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Re: What makes an action immoral?

Post Number:#35  Postby Xenos » January 24th, 2012, 7:25 am

Clearide wrote:We steal every moment of our existence from God. Every immoral act is an admission of guilt.


I'm not sure what God you're referring to, but most conceptions indicate that God is the creator of humans. If he's the one who brought us into existence in the first place, then how are we guilty of stealing our existence from him? If he didn't bring us into existence, what is his role?

I don't agree with your second statement because it doesn't consider human fallibility or the influence of others. A person with a general intent to do right as best they can may still make mistakes and commit an immoral act not out of guilt but of a simple failure to understand the nature of their action, its consequences, and so on. You could imagine further and consider, say, a person being drugged by another through their drink and later committing some immoral act. They aren't acting out of guilt or mistake (aside from, perhaps, not paying their drink enough attention), but a general impairment of their cognitive functions brought onto them by the action of another.
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Re: What makes an action immoral?

Post Number:#36  Postby Rebwit » January 27th, 2012, 2:59 pm

Too lazy to read all posts.
Anything you do for the sake of survival should not be examined morally.
In Mexico, for instance, prison escapees who do not break any other laws (killing a guard, material damage etc) are not charged for anything and no extra time is added to their sentence, because it is a mans right to fight for his freedom.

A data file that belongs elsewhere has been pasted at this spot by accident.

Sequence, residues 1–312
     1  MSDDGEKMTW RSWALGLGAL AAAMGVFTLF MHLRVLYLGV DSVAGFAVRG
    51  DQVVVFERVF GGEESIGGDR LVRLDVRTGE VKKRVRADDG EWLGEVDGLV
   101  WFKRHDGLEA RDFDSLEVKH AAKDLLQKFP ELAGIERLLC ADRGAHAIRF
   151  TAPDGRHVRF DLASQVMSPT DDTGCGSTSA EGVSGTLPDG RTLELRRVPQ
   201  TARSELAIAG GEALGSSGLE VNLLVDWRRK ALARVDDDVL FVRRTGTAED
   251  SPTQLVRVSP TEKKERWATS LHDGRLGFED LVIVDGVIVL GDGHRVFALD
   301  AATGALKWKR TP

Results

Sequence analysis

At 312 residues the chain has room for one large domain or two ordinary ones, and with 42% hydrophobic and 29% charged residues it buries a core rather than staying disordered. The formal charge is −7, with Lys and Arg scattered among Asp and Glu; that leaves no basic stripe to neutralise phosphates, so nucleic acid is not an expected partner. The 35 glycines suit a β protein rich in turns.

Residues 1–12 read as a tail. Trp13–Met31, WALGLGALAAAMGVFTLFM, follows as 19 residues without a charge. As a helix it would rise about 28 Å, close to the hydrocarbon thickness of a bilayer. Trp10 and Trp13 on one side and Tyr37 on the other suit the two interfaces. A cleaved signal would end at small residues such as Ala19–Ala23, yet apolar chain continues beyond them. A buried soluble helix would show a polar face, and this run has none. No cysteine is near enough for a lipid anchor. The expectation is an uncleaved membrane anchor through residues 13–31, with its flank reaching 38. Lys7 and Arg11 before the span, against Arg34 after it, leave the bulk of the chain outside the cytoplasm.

(wiki)
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Re: What makes an action immoral?

Post Number:#37  Postby Inzababa » January 28th, 2012, 3:43 pm

philoreaderguy wrote:What makes an action immoral? How do we know if a certain choice, action, or behavior is immoral?


you know by how much blame you can put on whoever is making that action.

And you measure blame according to a mixture of intentions and consequences.

If you want the details though, that's obviously a lonnng discussion (probably as illustrated by the length of this thread).

However I'll suggest this :

measurement of blame is only a question of perspective. (from which point of view you are judging from).
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Re: What makes an action immoral?

Post Number:#38  Postby Kingkool » February 4th, 2012, 4:52 pm

An action is immoral if either:
a) it goes against your own integrity
b) you know your actions are evil
c) (though it is cliche) the ends don't justify the means
d) you know that the ends of your means are evil.
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Re: What makes an action immoral?

Post Number:#39  Postby Fanman » February 4th, 2012, 5:47 pm